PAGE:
Your Check Number
Even after the advent of plastic
money (credit cards), using checks for paying utility bills,
grocery, subscriptions etc., is inevitable. We all have at
least one checking account with a local/national Bank. After
opening a new checking account, the Bank issues (either free
or at a nominal fee) checkbooks. Have you noticed that the
new check-number starts not from 1 but from 101? Have you
ever wondered why so? Well, here are two reasons behind this:
Check numbers start from 101?
Any banker will easily vouch
that 90% of all forged checks are drawn on accounts less than
barely 3 or 6 months old. So, lower the check-number, more
prone for suspicion it is. Many merchants outrightly used
to deny checks of lower check-numbers. So, consumers started
asking the Check-providers (whether it's the Bank itself or
private third party providers) to supply checks bearing higher
numbers. After all, in US, check number is just a reference
for the consumer, the Bank and payment-receiving party are
concerned only about the "Routing Number" of the
Bank and "Account Number" of the consumer. That
way, consumer has the freedom of choosing his own number for
checks. Instead of making any arbitrary number as the starting
of check-number sequence, most Banks today follow the procedure
of issuing checks for new checking accounts starting with
the number 101. Anyway, forgery/fraud can still happen. This
is not fool-proof remedy for it.
checks are printed, the first sheet through is at the
bottom of the hopper (paper stack at the printing machine
assembly) and the last sheet through is at the top.
This necessitates backward-functioning (countdown) numbering
machines, which are set to start at the ending number
and finish with the starting number. The order of checks
can then be completed and shipped in proper numerical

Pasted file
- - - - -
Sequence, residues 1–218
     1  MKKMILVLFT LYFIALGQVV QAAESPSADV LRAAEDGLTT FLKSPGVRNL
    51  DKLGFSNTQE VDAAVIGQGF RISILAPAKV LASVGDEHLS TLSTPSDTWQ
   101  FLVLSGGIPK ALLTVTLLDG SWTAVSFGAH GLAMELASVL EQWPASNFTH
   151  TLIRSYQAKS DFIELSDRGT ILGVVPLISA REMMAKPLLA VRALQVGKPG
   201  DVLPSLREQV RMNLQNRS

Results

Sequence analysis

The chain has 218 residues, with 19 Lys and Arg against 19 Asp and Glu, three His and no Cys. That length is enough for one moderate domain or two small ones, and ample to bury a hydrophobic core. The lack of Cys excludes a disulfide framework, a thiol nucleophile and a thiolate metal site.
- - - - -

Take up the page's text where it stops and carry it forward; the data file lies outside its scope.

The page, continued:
sequence ready for use by the customer.
order is printed, and the numbers recede, they would
read say 117, 116,...,102,101,100,099,098, etc. unless
the press is stopped and the superfluous zero is manually
depressed after 100 so that 99 is printed instead of
Again, at the point of 13,12,11,10,09,
the press would have to be stopped again to eliminate the
second superfluous zero. By encouraging the use of starting
check orders with 101, the printer has saved the need to stop
the press twice. This is a saving in time and efficiency,
not to mention money!
The Dow Jones Industrial Average
(DOW) is an index of the average closing prices of thirty
blue-chip stocks. There are more than 6,700 stocks in the
market, but the DOW, with its thirty stocks, is used to gauge
and forecast the health of the economy.
the Dow work?
It began simply enough in 1884,
when financial journalist Charles Henrry Dow devised a way to
help his readers track the fluctuations in the market. He chose
eleven stocks - mostly railroads - and added up the closing
price of one share of each company's stock. Then he divided
by 11 to come up with an average. In 1928 Dow added another